Peter Dinklage takes center stage this weekend in a new profile in the New York Times. The actor met up with the NYT‘s Maureen Dowd to talk dragons, the Iron Throne, selfies and a whole lot more.
Describing what it’s like to work with dragons, Dinklage says, “Ah, working with something that is not there. Sometimes I work with some actors who aren’t fully there. The guys in the visual effects department show you pre-visualizations, pre-vis. It used to be just storyboards, but now they’re really well done on computers, and you see the whole scene with you and the animated dragons before you do it, so you get that in your head. It’s neat. It’s cool. I like it.”
His humor is on display throughout the interview, his answers often laden with a touch of lighthearted snark.
“I think they should dismantle the Iron Throne,” he tells Dowd. “Smelt it down and give it to the poor. It’s very uncomfortable. They would have let the queen of England sit down on it, but she didn’t. But, you know, she’s an elderly lady, and having sat on it myself, I could understand why. It’s made of swords. Sometimes your bum gets stuck for a second.”
The cast and showrunners of Game of Thrones weigh in on Dinklage in the profile, singing his praises in a way we’ve come to expect from virtually everyone who works with him.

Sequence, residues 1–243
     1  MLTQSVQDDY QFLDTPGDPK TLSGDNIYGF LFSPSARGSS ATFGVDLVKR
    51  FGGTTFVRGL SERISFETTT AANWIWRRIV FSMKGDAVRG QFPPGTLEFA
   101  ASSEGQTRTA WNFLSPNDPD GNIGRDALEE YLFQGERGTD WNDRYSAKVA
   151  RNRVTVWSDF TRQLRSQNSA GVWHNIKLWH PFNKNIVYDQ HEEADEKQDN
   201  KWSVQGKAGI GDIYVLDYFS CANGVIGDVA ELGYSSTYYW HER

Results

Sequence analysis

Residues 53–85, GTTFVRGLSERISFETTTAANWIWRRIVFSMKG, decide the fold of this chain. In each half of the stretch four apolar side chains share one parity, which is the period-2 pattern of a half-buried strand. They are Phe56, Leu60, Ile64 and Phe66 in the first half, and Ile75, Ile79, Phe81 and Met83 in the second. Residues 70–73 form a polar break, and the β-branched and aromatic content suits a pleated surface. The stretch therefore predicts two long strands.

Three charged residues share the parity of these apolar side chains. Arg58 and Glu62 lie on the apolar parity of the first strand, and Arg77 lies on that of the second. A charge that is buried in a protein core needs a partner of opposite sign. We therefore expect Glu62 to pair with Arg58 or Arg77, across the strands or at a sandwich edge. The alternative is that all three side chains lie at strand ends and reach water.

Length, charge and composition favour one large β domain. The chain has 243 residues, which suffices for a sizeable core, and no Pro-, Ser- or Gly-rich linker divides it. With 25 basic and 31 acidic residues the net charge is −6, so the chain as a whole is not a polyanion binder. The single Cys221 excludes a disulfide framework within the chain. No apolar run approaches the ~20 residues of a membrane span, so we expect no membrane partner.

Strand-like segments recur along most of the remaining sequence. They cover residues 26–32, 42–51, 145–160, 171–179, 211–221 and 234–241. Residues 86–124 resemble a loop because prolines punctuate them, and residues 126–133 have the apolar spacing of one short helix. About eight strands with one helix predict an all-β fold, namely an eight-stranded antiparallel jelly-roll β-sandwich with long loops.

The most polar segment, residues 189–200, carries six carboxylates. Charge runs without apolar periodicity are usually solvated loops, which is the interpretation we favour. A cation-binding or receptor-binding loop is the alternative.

Executive producer David Benioff says, “We all love Jon Snow, but most of us aren’t heroes.” He says, “Tyrion is a bit cynical and capable of breaking out of that cynicism.”
Benioff further tells the Times that there’s now “a lot of Peter in Tyrion,” and that in writing GoT, the show has “drawn on his teasing friendships with [Lena] Headey and Conleth Hill.”
Given the onscreen chemistry in Cersei-Tyrion and Tyrion-Varys scenes, that’s no surprise. Their moments together are often my favorite part of an episode.
The actor’s interactions with fans have been a little odd on occasion. He shares one story with the New York Times:
“The other day this teenage girl walked right up to me and put her arm around me and took a selfie and said ‘Thanks’ and just kept walking,” Dinklage explains. “It was almost forgivable because she saw nothing wrong with it. But if you’re sneaking pictures, you know you’re not doing something great. Oftentimes, they don’t want to meet you; they just want proof that they met you. I was watching that Steve Jobs movie on a plane the other day and I was like, ‘You started a monster, man.’”
The profile covers a lot of ground, going in-depth with a very private actor who doesn’t do a lot of interviews. He discusses everything from his wedding (Las Vegas), reports of his daugher’s name (false) to Project Runway (“Well, who doesn’t love Tim Gunn?” ), so reading the complete profile at the New York Times is a must.